The theory of democratic peace: if you want peace, prepare for war

by Laura Santilli

Fonte: Pulgarías

The concepts of defence and security are usually imagined in terms of military power and tactical capabilities of armies, or in terms of great operational strategies capable of employing the most sophisticated combat techniques in theatres of war. However, as Sun Tzu and his book The Art of War teaches, a strategist's greatest skill is to win a battle without fighting it. It is in this perspective that this article aims to analyze the American theory of democratic peace according to which democracies, by not declaring war on each other, guarantee peace and security on an international scale. Democracy, therefore, and not war, becomes the most important instrument for the external defence of a country.


1. The theory of democratic peace: its conception and use by the US administrations


Among the scholars of international relations, the first to formulate the theory of democratic peace was the American political scientist Michael Doyle in 1983, with his article: "Kant, Liberal Legacies and Foreign Affairs”[1] and he did it taking into consideration what many political scientists and analysts consider as the first formulation of the theory of democratic peace: the work of Immanuel Kant For Perpetual Peace written in 1795. In the contemporary academic world, the debate on what to mean by "democratic peace" and especially on how to implement it, is still very heated.


Among the various currents of thought, however, one can succeed in extrapolating several factors common to each of them. What each vision of democratic peace has in common is the concept behind it: democratic systems tend not to declare war on those they recognize as their own peers, hence other democracies. Furthermore, democratic leaders cannot fail to take into account that public opinion, after the Second World War and in the case of the US even more so after the Vietnam War, is hardly likely to see their country involved in a war. The political class of democratic systems also thinks in terms of re-election, which is a hard goal to achieve if, in addition to having led their country into war, you perhaps also get a defeat. Another element common to the various currents of thought on the theory of democratic peace is that to resolve disputes at international level, democratic regimes prefer to use the instrument of diplomacy and are firm supporters of international institutions, first and foremost the UN.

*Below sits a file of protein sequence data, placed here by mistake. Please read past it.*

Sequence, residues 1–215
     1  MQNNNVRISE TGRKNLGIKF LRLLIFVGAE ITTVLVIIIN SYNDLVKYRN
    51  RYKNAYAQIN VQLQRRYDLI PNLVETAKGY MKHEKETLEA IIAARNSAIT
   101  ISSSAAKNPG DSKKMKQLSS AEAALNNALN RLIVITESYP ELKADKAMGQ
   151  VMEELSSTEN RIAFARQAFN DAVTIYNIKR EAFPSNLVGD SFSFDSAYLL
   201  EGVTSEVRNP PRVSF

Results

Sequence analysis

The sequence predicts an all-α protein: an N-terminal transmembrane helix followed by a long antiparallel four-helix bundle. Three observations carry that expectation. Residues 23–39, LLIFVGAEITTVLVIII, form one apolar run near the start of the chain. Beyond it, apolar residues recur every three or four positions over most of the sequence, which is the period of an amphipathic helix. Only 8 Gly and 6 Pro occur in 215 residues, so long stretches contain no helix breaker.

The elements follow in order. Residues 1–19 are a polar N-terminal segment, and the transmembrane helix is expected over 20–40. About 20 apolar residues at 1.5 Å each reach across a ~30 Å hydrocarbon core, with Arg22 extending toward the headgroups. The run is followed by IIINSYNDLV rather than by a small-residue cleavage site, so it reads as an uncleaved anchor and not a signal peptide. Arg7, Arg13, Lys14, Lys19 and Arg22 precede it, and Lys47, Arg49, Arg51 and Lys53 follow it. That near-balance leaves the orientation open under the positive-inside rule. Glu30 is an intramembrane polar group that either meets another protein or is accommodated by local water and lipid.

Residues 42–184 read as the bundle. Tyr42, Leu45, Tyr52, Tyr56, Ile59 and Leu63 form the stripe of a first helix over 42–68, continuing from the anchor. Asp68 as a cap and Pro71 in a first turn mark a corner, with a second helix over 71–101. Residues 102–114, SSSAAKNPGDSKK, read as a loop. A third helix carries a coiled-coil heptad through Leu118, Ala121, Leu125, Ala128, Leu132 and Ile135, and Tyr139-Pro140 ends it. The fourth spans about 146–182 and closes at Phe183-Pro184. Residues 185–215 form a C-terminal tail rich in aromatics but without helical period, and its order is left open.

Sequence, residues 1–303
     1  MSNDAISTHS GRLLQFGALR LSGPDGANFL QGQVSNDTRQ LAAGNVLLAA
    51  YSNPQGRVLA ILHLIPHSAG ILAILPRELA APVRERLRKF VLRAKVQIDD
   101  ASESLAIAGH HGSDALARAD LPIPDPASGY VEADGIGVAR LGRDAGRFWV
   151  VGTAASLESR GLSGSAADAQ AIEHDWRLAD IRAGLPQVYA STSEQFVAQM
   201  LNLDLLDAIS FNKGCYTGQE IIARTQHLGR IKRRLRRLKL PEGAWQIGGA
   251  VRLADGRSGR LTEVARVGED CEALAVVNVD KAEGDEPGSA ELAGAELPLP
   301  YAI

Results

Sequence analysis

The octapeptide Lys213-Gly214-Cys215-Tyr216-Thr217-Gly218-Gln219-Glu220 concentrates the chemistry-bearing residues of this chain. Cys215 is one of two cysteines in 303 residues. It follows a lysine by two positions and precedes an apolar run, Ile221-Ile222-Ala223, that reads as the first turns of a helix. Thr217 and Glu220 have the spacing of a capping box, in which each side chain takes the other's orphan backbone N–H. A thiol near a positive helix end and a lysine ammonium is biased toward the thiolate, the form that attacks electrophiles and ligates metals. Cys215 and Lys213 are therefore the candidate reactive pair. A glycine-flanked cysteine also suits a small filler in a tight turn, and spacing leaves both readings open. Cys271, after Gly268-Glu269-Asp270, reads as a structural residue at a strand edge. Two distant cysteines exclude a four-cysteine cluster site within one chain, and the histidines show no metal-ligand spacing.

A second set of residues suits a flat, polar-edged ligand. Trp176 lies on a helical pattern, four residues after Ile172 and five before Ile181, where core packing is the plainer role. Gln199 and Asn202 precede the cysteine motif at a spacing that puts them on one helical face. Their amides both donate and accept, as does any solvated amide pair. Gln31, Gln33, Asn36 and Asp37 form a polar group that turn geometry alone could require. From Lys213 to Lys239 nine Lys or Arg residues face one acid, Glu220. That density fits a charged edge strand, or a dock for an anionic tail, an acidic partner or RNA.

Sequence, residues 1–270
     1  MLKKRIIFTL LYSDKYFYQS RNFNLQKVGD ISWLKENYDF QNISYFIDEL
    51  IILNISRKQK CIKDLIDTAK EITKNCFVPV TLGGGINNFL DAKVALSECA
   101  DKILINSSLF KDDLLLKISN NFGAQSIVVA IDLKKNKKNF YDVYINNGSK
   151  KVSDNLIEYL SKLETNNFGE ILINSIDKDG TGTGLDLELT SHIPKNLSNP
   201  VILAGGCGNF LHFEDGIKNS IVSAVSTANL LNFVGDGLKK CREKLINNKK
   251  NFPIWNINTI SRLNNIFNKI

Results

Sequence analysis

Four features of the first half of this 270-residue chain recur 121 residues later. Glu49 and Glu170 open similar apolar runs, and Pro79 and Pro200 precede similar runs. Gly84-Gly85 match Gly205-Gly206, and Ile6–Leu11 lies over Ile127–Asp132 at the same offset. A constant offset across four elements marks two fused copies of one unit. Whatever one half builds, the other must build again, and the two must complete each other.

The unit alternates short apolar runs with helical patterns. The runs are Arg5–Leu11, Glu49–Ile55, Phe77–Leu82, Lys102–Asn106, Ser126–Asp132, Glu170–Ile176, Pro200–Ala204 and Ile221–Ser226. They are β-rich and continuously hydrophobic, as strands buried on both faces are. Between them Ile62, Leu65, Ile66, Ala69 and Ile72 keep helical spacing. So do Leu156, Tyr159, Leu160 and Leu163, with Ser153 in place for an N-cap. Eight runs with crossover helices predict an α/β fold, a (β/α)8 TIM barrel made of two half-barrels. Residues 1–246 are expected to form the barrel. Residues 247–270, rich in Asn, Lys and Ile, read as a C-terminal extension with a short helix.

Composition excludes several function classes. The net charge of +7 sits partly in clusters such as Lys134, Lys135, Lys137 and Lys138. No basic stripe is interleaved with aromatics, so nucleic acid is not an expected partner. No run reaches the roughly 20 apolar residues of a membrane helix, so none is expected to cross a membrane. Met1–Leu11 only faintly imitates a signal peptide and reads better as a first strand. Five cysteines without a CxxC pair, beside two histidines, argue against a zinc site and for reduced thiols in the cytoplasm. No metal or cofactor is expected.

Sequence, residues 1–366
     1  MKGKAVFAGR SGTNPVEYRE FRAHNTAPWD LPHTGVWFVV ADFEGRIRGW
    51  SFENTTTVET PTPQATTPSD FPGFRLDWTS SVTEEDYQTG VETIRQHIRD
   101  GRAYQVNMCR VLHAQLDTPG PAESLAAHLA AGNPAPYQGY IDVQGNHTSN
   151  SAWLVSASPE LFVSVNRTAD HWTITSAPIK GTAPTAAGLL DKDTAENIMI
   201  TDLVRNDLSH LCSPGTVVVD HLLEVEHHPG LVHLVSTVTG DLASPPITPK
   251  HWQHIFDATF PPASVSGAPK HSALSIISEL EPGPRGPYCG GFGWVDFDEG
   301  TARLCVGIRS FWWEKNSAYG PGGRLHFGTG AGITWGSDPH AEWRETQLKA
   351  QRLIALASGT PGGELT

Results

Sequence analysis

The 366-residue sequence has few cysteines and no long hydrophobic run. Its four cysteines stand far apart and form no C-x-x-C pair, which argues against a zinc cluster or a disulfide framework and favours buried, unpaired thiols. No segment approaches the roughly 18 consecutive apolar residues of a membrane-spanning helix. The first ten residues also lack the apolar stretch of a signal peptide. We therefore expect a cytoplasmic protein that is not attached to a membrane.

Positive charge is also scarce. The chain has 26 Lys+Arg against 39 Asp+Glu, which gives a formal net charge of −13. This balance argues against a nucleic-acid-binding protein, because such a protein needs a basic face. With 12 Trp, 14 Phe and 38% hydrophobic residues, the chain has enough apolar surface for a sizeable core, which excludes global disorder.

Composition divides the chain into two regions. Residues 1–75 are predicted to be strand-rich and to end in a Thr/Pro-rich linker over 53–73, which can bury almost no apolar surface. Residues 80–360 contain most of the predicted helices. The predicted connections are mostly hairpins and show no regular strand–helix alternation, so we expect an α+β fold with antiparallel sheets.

A further affinity between the different visions of democratic peace is that democratic countries hardly consider themselves hostile to each other and, moreover, their governments tend to invest more in welfare spending, what are called social spending rather than military spending; this, both because welfare spending is useful in terms of political re-election and because democratic governments themselves should have an interest in supporting it, since it generates a better system of democracy understood as a confrontation between people as opposed to military spending, which, on the contrary, is not born with the aim of generating more democracy.

Source: Financial Times

The theory of democratic peace began to be considered by the US political class, particularly by President Ronald Reagan's administration (1981-1989), as a possible and valid alternative to the Soviet Union containment theory employed during the Cold War. According to US academics and politicians, in fact, the theory of democratic peace could have helped the United States to ensure the stability and security necessary both during the last decades of the Cold War and, above all, in the delicate phase of transition from an international system based on a bipolar division of power between the United States and the Soviet Union, to a world that would have been characterized instead by multipolarism and, from an economic point of view, by globalization. During the 1980s, the US security strategy moved from a defensive notion of containment to an active one of enlargement, in which the United States committed itself to creating and supporting a "community of democracies".